Critical Mass

The Future of Book Reviewing

By Karen Long

This year, the conversation was mellower.

Participants in the National Book Critics Circle panel on the future of book reviews chatted about e-galleys, the elegance of deckle-edged pages and the perils of e-blast publicity in a BookExpo America session that registered fewer sparks than the one in 2009.

John Reed, book editor of The Brooklyn Rail, moderated both panels, and recruited a vociferous Ed Nawotka from last year’s audience to the podium this May.

“There’s a lot less angst out there than there has been in the last several years,” Nawotka said of the booksellers gathered at the Jacob Javitz Center, an observation that doubled for the book reviewing session. “People are coming to terms with the digital question and finding answers to fit their publications.

“The whole feeling that publishing was going to fall into some kind of sinkhole, disappear and not be recovered has finally notcome to pass,” said Nawotka, a Texan who is the founder and editor of “People are finally realizing that digital is not a sinkhole but more of a portal.”

The movement through the portal, though, is partial, and the landscape of book reviewing, as Reed put it, “is muddled.”

“We are in flux as readers,” said panelist Carolyn Kellogg, who writes about books for the Los Angeles Times.  “Just as reading is a very intimate experience, and we are reading so much electronically, we’re in transition about what we want to read, in what way.”

The old model of a “great mind/great brain” delivering verdicts from on high in old media is shifting into a new format for thinking about books.  It is animated by the proliferating enthusiasms of book bloggers, many of whom are novices.

“There’s been such an explosion on-line,” Kellogg said. “The conversation is much bigger.”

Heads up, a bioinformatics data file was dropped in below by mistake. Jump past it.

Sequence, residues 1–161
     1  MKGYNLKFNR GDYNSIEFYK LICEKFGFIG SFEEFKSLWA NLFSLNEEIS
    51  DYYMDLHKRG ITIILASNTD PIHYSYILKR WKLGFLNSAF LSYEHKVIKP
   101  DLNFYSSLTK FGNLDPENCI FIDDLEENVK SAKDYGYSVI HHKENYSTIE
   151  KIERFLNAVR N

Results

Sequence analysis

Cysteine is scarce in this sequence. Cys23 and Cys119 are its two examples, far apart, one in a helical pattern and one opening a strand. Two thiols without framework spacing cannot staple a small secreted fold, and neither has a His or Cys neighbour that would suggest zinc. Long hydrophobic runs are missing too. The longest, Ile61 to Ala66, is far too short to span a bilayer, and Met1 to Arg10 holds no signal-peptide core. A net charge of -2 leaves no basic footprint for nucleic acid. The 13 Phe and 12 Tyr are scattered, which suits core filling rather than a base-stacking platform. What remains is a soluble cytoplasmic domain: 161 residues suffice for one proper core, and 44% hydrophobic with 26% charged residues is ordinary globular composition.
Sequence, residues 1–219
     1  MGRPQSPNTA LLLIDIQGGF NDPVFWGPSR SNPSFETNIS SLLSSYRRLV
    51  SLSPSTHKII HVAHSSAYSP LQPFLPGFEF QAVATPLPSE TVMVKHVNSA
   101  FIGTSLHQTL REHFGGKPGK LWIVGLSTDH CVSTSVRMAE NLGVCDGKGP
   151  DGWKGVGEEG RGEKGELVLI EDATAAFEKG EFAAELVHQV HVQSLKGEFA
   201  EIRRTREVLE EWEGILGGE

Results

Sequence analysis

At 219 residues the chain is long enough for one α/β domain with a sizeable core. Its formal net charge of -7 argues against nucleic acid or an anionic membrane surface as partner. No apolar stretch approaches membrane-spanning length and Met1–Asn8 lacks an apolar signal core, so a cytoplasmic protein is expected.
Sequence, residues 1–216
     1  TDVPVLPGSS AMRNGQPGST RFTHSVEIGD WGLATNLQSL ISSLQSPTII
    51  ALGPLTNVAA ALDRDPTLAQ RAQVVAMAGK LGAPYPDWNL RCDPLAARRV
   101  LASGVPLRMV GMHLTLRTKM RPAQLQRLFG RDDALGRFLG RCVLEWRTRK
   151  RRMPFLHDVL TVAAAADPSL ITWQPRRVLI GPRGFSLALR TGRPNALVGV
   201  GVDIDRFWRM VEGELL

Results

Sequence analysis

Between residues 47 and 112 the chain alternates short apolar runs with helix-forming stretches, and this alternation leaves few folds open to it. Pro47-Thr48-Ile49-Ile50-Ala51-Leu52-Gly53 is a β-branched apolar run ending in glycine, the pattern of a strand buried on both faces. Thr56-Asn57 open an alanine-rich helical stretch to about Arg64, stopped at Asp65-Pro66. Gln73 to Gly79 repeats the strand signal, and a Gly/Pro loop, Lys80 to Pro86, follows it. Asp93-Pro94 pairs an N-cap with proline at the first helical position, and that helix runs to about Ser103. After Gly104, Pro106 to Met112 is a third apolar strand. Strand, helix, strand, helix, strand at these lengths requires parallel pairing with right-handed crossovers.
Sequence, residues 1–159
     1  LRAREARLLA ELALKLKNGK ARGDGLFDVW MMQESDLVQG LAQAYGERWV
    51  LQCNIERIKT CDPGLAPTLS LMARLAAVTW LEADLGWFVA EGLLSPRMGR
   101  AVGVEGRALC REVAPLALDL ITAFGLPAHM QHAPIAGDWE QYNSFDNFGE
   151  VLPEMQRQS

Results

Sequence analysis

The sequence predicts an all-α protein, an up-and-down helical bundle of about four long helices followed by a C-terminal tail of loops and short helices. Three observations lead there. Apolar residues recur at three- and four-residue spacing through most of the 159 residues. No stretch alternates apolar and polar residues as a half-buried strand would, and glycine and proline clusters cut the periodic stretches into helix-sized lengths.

Kate Travers, a marketing strategist, added “It’s bigger, but more granular at the same time.”  She said that authors and publishers still seek the general audience, and reader, that old media used to aggregate.

Nawotka wondered aloud how often the blogosphere runs a negative review.  He mentioned that he published a recent on-line critique of “War” by Sebastian Junger from a reviewer who had been a soldier in Afghanistan.  

Headlined “Sebastian Junger, War Tourist,” the review described the book’s portrait of soldiers as “superficial and unsophisticated.” Nawotka said the great aspect of this piece was that its comment feed became four times longer than the review.

Travers and others panelists were enthusiastic about book commentary breaking out of its closed system — one in which readers were forced to endure the glacial wait for letters-to-the editor to hear a rebuttal.  And Nawotka noted that New York Magazine’s recent smack down of Christopher Buckley’s rave in the New York Times Book Reviewfor the novel “The Imperfectionists” quickly provoked a range of on-line responses to both the magazine critique and the original review.

After Reed and Kellogg enthused over the possibilities for rich interactivity in ebooks, Travers added a cautionary note. “It all depends on the writer,” she said.  “I’m supposed to be — boo-yah — for digital books.  But think how bad the DVD extras are on so many movies.”

 In such a fluid reviewing environment, Reed asked about the “delineation between content and advertising.  Is it Armageddon? Can anyone retain their integrity? Or maybe establish a new integrity?” 

As a rule, Nawotka asserted, is not going to be circulating negative reviews.  And authors are increasingly popping up in on-line book conversation.  Kellogg put it succinctly: “Is it pimping or is it journalism?”

Panelist Denise Oswald, editorial director of Soft Skull Press, stressed that word-of-mouth remains a powerful force in the book universe. 

“My favorite story of the year so far is the ‘Tinkers’ story,” Knopf publicity vice president Nicholas Latimer said of the Pulitzer winner for fiction from the tiny Bellevue Literary Press. “Before anything else, it got raves from NPR and the New Yorker. What brought this independent book to the fore was an independent sales rep who brought it to an independent seller.”

Those who help find, publish and hold up the extraordinary book continue to matter. “But if books and publishing are reinventing themselves,” asked Nawotka, “how is reviewing reinventing itself?”

Jane Ciabattari, president of the National Book Critics Circle, promised that this conversation would go on.